There are several government agencies and organizations that seek candidates with degrees in environmental science. The list below provides some examples of those federal agencies. Each position within the federal government is classified under a series of numbers. For example, the “Natural Resources Management and Biological Sciences Group” is within the 0400 series. You can narrow down the exact series number based on your interests and search for it on USAjobs.gov across hundreds of federal agencies. Click here to see a list of federal positions by major.
While many of the major job search engines will have positions in several fields to choose from, the list below is specific to the environmental science field.
Involvement in professional organizations is a great way to stay up-to-date on new technology, tools, and best practices in your field. Professional organizations are also a great networking opportunity. Below are a few professional organizations you may be interested in as an environmental science major.
Academy of Board Certified Environmental Professionals (ABCEP)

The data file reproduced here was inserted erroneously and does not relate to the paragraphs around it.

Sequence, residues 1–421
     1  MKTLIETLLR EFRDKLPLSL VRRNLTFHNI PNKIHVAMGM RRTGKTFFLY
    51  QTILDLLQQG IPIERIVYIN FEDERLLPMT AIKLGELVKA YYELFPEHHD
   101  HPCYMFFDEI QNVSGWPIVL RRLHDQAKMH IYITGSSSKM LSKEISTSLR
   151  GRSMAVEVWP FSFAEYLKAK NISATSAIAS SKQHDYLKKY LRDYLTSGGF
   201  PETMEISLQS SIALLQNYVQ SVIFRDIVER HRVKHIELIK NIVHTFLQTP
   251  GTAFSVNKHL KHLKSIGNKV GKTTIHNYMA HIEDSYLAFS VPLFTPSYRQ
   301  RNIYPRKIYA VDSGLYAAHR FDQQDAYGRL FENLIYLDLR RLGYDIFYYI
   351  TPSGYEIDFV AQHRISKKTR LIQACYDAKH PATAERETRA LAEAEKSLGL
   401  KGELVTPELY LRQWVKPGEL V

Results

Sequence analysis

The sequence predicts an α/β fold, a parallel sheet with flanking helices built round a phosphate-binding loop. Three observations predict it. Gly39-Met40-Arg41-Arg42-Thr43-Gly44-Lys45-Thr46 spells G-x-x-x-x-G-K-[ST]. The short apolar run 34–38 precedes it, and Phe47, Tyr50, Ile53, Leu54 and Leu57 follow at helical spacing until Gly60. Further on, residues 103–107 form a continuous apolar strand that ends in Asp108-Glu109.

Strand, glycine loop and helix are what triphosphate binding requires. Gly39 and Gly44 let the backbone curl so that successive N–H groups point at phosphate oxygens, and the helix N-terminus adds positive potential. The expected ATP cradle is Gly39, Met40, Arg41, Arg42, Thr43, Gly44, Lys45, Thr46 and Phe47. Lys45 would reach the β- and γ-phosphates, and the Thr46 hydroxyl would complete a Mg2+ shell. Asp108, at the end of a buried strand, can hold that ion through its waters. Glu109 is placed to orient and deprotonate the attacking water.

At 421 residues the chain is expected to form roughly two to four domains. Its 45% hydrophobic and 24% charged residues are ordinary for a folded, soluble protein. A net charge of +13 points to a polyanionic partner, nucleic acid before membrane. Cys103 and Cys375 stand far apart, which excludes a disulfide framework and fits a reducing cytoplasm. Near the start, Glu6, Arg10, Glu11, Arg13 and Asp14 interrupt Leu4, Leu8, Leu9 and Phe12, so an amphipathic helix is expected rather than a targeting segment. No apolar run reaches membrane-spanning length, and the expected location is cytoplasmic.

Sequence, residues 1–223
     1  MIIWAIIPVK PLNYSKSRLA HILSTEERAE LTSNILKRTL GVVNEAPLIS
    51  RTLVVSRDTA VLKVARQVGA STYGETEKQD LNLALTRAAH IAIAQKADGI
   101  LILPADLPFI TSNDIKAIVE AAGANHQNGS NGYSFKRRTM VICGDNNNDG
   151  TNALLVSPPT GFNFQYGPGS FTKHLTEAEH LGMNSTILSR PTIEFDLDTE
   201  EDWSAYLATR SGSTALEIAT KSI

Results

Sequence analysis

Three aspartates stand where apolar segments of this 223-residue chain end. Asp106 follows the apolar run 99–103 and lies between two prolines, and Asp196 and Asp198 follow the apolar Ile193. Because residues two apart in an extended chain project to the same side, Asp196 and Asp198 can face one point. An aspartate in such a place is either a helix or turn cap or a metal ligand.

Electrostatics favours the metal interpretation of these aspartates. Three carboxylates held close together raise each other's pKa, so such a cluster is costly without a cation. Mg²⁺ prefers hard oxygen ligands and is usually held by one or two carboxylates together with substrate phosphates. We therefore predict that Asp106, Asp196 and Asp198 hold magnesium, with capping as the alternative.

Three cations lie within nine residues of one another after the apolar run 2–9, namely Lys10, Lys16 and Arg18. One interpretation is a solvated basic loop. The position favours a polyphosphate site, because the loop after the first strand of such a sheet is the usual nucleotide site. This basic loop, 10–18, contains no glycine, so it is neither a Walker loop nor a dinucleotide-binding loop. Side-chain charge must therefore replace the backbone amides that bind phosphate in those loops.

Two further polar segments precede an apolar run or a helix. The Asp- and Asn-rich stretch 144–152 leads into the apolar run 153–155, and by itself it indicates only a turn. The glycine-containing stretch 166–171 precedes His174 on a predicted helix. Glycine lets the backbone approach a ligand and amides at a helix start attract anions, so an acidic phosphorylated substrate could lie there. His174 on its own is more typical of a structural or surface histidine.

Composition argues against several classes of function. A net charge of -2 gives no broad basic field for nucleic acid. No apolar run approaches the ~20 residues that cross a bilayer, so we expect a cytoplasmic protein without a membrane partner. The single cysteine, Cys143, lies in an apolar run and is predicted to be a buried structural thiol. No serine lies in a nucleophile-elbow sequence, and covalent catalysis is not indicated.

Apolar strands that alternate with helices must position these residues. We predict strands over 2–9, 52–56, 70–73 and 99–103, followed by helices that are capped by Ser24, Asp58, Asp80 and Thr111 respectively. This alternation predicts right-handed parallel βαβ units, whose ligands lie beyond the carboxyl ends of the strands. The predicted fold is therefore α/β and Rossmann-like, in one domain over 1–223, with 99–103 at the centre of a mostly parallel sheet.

American Fisheries Society
American Water Works Association (AWWA)
Association for Environmental Studies and Sciences (AESS)
Ecological Society of America (ESA)
National Association of Environmental Professionals (NAEP)
National Association of Local Government Environmental Professionals (NALGEP)
National Environmental Health Association (NEHA)
Society for the Advancement of Hispanics/Chicanos and Native Americans in Science
Society for Conservation Biology (SCB)
Universities Council on Water Resources (UCOWR)
The Wildlife Society
American Water Works Association Conference and Exposition
June 7-10, 2015
Ecological Society of America 99th Annual Meeting
July 13-25, 2015
NAEP 2015 Annual Conference
April 13-16, 2015